Hannah Webster Foster (1759–1840). The Coquette, or The History of Eliza Wharton. 1855.

Letter XVII


I have succeeded in my addresses to the lovely Eliza Wharton—as far, at least, as I had any reason to expect from our short acquaintance. I find the graces of her person and mind rise in my esteem, and have already enjoyed in her society some of the happiest hours of my life. She is kind, affable, and condescending; yet I must own that I have not been able to infuse into her bosom the ardor which I feel in my own. I know that the native modesty of the sex would restrain the discovery; but there is an animation of countenance, which betrays the sensations of the heart, that I find wanting in hers on this occasion.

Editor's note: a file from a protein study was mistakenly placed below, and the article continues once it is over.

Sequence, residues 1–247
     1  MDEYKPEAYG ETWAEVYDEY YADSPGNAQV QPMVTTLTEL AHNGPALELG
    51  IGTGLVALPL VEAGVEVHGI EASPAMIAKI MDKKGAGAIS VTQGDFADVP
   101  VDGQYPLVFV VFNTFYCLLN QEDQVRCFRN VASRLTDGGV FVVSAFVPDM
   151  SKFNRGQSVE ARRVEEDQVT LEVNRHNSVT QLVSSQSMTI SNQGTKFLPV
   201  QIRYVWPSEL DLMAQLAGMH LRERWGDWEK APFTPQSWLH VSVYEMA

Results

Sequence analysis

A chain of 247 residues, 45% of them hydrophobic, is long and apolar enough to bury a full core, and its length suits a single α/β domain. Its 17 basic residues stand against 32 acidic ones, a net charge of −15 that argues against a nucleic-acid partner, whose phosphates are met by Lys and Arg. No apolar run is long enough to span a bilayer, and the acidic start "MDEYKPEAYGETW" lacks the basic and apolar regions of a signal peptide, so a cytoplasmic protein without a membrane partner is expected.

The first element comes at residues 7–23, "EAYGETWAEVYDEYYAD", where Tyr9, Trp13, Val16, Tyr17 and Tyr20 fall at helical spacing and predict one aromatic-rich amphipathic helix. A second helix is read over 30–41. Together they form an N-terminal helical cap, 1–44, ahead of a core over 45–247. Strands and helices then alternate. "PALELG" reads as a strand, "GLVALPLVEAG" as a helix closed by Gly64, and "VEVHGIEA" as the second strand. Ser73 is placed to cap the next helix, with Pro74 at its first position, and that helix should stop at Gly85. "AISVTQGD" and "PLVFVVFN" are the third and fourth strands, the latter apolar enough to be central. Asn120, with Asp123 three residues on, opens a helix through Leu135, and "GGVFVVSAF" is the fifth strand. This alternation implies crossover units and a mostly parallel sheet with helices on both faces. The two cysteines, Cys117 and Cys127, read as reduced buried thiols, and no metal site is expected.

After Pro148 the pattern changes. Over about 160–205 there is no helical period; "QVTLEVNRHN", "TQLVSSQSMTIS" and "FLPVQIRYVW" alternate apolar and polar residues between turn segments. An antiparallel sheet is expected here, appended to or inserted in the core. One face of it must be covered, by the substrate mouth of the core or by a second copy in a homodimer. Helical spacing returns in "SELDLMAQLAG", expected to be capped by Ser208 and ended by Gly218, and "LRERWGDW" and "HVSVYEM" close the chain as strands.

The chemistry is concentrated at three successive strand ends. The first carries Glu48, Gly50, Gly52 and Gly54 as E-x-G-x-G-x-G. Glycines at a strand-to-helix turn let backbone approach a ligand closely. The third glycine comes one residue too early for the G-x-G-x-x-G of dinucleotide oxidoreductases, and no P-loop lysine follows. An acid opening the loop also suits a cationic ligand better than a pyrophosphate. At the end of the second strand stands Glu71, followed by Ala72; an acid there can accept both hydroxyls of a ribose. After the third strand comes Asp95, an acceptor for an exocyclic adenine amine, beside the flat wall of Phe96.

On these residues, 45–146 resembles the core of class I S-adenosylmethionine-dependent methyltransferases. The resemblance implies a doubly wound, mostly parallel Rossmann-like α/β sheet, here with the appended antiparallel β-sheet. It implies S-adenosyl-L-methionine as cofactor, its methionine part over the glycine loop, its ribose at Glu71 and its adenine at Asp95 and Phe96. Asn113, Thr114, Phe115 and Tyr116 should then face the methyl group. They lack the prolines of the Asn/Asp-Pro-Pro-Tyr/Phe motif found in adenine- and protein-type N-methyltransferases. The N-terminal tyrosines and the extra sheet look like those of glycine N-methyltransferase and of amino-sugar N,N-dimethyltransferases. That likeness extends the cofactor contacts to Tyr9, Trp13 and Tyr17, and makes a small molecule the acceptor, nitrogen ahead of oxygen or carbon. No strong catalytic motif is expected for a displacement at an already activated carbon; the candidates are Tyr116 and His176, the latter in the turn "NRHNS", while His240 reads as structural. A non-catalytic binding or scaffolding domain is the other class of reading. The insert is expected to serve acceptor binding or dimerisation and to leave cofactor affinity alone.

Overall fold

I have just taken leave of my fair, and propose returning to-morrow morning to take upon me the solemn charge which lies with such weight upon my mind that I need every support, both human and divine. Eliza has promised to correspond with me. From this I anticipate a source of pleasure which alone can atone for her absence.

I am, &c.,